Everyone is born creative. And then somewhere down the line, many lose sight of it. In his classic Ted Talk, Do Schools Kill Creativity, Sir Ken Robinson says, “We don’t grow into creativity, we grow out of it…we’re educated out of it.” Innovation and creativity rank among the highest in the soft skills needed by today’s work force. And yet far too many of our students experience factory-model education rather than classrooms that inspire “original ideas that have value.” What can we do about this in our math classes?
Imagine yourself walking into a fourth-grade classroom. Take a snapshot of that very first moment…The children watch quietly as the teacher explains that today they are going to learn how to convert measurement units. In that moment, what do you notice? What are you wondering?
The first thing I wonder is, “Where is she going to go with this – direct instruction or inquiry?” This lesson may go in many directions…anywhere from mechanical arithmetic conversions to interpreting the classroom world through the lens of linear measurement. My hope is the latter – that she will invigorate her students by using creativity as means of engagement.
How might we bring a creative flair into our math classes? Here are three ways I’m seeing teachers making math more playful and relevant:
Noticing and Wondering
This approach encourages students to engage in question-posing and creative thinking. To get started, pose a problem and ask the students, “What do you notice…what do you wonder?” Students discuss/record their thoughts prior to further instruction. For our teacher above, she may write 1, 10, 100, 1000 on the board and ask her students to discuss and/or record what they notice and what they wonder about the relationships among these numbers. For a more detailed explanation of Noticing and Wondering, check out this two-page description from The Math Forum.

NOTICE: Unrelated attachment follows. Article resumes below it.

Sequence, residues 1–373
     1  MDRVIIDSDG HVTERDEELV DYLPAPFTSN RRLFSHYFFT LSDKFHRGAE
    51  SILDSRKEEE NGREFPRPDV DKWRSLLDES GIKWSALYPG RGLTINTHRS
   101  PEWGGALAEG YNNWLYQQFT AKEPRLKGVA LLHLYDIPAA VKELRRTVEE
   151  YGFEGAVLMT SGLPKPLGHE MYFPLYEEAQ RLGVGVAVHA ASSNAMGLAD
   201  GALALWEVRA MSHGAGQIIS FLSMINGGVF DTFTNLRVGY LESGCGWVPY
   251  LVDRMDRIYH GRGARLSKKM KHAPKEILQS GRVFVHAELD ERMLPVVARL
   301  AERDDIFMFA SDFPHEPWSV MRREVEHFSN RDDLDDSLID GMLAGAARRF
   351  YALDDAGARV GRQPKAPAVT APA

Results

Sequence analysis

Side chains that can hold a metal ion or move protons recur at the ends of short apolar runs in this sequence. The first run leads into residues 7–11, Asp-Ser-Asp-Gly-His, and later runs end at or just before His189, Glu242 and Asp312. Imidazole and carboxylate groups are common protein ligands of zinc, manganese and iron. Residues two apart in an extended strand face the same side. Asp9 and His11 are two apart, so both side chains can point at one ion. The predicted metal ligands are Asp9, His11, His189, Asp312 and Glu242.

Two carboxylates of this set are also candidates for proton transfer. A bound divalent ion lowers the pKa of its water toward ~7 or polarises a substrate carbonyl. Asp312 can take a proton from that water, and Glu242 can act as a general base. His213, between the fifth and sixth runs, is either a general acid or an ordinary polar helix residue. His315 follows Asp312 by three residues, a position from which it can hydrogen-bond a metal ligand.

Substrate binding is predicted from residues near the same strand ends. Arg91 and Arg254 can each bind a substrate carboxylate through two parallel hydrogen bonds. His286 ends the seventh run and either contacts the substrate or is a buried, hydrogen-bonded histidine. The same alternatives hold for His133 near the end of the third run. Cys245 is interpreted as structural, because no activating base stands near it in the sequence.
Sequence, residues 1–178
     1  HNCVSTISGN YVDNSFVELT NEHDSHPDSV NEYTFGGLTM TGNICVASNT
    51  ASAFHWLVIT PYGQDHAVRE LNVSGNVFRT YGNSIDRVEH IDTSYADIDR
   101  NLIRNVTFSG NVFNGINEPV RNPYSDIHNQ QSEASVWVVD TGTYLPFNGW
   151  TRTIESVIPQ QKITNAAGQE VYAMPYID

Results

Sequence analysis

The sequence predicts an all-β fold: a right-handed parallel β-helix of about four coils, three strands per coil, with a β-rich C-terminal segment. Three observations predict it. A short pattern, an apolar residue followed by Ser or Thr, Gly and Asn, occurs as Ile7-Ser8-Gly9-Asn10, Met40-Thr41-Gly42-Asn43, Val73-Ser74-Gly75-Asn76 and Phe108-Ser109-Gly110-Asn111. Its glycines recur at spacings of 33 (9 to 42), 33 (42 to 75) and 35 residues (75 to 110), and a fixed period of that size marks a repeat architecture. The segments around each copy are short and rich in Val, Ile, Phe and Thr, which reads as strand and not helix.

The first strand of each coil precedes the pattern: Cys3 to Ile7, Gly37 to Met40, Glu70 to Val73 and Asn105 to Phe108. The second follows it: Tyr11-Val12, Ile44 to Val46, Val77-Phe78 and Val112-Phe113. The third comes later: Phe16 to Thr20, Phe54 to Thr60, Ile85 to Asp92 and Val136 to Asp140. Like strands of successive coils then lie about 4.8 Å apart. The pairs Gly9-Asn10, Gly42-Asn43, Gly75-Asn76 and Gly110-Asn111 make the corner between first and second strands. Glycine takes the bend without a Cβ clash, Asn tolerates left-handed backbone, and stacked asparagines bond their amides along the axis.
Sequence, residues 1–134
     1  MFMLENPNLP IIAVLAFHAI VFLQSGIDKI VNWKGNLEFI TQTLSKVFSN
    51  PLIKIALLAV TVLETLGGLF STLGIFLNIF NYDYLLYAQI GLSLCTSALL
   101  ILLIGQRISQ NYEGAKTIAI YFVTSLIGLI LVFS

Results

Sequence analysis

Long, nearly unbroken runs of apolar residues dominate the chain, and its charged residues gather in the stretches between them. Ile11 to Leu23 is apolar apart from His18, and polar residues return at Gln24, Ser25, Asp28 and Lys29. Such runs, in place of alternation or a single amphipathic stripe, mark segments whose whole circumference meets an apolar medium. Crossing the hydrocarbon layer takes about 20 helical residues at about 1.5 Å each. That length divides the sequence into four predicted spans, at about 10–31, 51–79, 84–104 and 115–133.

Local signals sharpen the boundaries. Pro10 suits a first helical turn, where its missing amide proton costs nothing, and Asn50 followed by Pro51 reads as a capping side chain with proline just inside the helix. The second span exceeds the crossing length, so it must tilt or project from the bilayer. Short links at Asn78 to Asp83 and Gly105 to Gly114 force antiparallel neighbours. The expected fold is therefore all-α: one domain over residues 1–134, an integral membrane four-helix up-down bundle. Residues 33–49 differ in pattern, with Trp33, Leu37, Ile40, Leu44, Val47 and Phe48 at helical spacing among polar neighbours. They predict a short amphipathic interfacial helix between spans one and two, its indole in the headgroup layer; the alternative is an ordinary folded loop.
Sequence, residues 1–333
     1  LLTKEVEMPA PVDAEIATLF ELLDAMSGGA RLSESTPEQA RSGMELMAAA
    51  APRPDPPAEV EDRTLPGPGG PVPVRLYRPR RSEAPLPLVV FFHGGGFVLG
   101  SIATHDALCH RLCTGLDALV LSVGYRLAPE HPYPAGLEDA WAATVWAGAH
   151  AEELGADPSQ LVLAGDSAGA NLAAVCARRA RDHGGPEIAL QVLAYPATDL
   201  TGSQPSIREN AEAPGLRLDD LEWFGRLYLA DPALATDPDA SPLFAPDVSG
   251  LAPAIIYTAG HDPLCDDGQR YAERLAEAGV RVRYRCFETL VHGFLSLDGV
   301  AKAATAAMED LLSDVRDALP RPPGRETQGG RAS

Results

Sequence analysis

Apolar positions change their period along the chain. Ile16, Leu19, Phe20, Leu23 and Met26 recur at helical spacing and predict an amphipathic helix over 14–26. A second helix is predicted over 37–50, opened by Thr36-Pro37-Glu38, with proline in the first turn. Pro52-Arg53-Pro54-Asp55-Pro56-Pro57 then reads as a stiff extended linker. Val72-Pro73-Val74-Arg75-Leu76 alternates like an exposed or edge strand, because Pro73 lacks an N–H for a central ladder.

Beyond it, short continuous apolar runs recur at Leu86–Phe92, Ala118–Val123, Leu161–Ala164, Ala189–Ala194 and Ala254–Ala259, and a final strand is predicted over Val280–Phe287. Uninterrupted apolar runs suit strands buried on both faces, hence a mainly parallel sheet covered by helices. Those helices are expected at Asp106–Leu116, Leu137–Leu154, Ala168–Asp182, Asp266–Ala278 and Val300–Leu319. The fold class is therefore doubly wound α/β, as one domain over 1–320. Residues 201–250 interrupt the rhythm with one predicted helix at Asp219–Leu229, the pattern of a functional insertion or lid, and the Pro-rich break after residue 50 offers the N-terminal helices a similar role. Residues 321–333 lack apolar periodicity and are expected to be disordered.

These tasks provide amazing opportunities for students to enter the problem-solving process from a high-interest, open-ended perspective. Each task begins with a video or a picture of something in the real world (related to your math goal), followed by a related math question. For a bank of terrific, free, ready-to-go, three-act tasks for grades K-8, check out Graham Fletcher’s or Robert Kaplinsky’s The originator of Three-Act Tasks, Dan Meyer, also provides a rich library of middle- and high-school tasks.
Write Me a Story
This strategy allows students to pull math into contexts of their own. Begin by posting a true equation, and have the students write a story that includes each term in the equation as well as the operational action(s). For example, you may post the headline “13 x 100 = 1300” and ask your students to write a story that includes all of these terms and the action of multiplication. Students will write from a variety of contexts, reacquainting themselves with the behavior of multiplication. In the case of our example above, the teacher could lean into a student’s story to shift the class’s thinking toward metric unit conversion.
What are your thoughts about using math class to nurture creativity? Please share your ideas by leaving a comment below.